In the many years of enjoying the Paramount Theatre’s Broadway Series shows in Aurora, I have to admit Friday evening’s performance of “Newsies” gave me new appreciation for the sound of silence.
What drew my eyes away from the outstanding song and dance numbers that has made this musical so popular was a man and woman dressed in black and standing house front left, right below the stage.
Sheila Kettering and Al Raci are theater interpreters who used American Sign Language through the entire show, a service the Paramount has been offering to the deaf community for one performance per musical for the last four years.
In the past, this service has been under-utilized, something the Paramount wants to change by getting word out and by offering more price promotions. The “tight-knit deaf community loves the theater,” noted Kevin Berls, director of audience services. “And we want to do all we can get get them to come out to Aurora.”
It seems to be working. While there have typically been around a dozen tickets sold to the deaf community at the past shows offering sign language, 41 tickets were purchased for this performance of “Newsies.” And Berls predicts even higher numbers for the
Kettering of Batavia, and Raci of Downers Grove, both 61, have done over 100 shows together in the Chicago area, including productions at Navy Pier, Steppenwolf, Shakespeare and Goodman theaters, in addition to the downtown Aurora venue. And these two are good … really, really good, according to a group of sign language students from Waubonsee Community College, who attended the show in order to study these masters at work.
“Their signs almost make the script seem clearer,” noted WCC student Emily Rux of Rockford, who rarely took her eyes from Kettering and Raci while also jotting down notes.
According to Berls, the Paramount “went through a lot of interpreters” looking for the right ones, “and these two just stood out.”
I know little about sign language or this form of theater interpretation. But watching Kettering and Raci perform – “and it truly is a performance,” noted Berls – as they brought the high-stepping musical to life for their deaf audience was about as enjoyable as watching those young talented performers on stage. Both signers are quick to note, however, what they are doing, while important, should never take away from what’s going on behind them because “we are not the show,” insisted Raci.
True enough. But I wasn’t the only one intrigued. During intermission, non-deaf members from the audience approached – not unusual, they both admitted – to tell them how much fun it was to watch them work.
And work they did. This show, with over 30 actors, is so fast-paced it would probably have been helpful to add a third signer, they agreed prior to the curtain going up. So you can only imagine how busy the pair was as they stood under the spotlight, signing the entire three-hour show, including dialogue, group songs, duets, solos and even sound effects.
In the few times there were no words coming from the stage, Kettering and Raci lowered their hands, bowed heads and let their audience focus on the performers. During the dance numbers, both sat down. And when one signed a solo, the partner also took a seat.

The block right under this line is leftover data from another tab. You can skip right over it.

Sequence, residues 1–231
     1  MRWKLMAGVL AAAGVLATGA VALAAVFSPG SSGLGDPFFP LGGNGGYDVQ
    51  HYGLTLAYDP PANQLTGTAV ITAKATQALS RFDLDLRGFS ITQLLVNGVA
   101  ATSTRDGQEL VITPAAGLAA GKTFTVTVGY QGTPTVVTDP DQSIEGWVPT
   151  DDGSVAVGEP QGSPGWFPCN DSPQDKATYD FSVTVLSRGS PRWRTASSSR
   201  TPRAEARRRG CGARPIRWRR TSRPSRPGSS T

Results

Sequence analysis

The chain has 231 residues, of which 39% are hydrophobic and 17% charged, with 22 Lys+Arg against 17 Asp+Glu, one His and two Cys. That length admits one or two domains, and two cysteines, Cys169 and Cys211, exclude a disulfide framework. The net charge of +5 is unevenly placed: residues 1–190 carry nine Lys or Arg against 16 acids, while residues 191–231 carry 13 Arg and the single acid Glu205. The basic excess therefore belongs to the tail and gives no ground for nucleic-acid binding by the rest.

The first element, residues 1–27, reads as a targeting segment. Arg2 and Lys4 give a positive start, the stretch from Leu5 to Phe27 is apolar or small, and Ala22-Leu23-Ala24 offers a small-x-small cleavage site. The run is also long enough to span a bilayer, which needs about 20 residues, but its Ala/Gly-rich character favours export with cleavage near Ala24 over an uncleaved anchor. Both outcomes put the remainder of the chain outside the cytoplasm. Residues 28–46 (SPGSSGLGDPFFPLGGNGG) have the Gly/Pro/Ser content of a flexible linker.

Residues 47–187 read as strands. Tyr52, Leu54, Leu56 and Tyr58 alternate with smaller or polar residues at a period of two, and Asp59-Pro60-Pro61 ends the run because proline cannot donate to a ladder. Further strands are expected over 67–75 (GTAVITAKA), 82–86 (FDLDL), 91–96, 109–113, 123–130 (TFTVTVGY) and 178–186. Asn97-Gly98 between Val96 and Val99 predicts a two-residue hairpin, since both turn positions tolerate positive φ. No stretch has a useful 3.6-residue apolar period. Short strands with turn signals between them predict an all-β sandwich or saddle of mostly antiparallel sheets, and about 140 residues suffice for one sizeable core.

But for at least 90% of the time, these partners interacted with each other, shifting their bodies to represent different characters, using facial expressions to mimic actors and their emotions – sad child, frustrated man, stubborn woman – as well as hand gestures, drawing out those signs when necessary in much the same way the actors drew out spoken or sung words.
Because American Sign Language is its own language – where “concepts are used to draw a picture,” pointed out Raci – signing is not the same as closed captioning. Donna Szubinski of Darien, who is deaf, become a fan of the theater, thanks in large part to her boyfriend, a former usher at the Paramount. Seated close to the stage, she can read lips, but it’s the signers, she told me, who really “pull it all together” and make her “feel so included.”
Szubinski also explained the importance of “the line of sight” and how the deaf audience must be positioned in such a way they can see the interpreters while also watching the stage.
On this night, Raci assumed the lead role of Jack Kelly and other “individual characters,” while Kettering took on the few female parts and most group conversations. Because the voices on stage often sound so similar, the signers have to know the show inside and out so “we aren’t grabbing each other’s lines,” noted Raci. This sort of timing takes dozens of hours of preparation, they assured me, including studying the video and audio the Paramount provided weeks before the show.
“We are definitely not in this for the money,” he said. “It’s hard work, but so interesting.”
“And we love what we do,” added Kettering, who got involved in American Sign Language after seeing a deaf theater production in college.
Raci, who grew up with deaf parents so “this just comes naturally to me,” used to take his mother to the theater long before there was such thing as artistic signers. And he recalls her poking him throughout the show to ask such questions as, “Is he a good guy or bad guy?”
“When I do these shows,” he said, “I always think of my mom and ask myself, ‘what would I have done for her?’”
Their passion for theatrical interpretation is as obvious as the hard work that goes into these mostly one-and-done performances. Raci joked he would probably have to “put some rock” music on the next morning to help get all those show tunes out of his head. But soon the pair will be getting the video for the “Beauty and the Beast” American Sign Language performance at the Paramount on Dec. 27.
And the process will begin all over again.
“We are so fortunate we get to be part of this theatrical experience,” Raci said. “It will be quite a show.”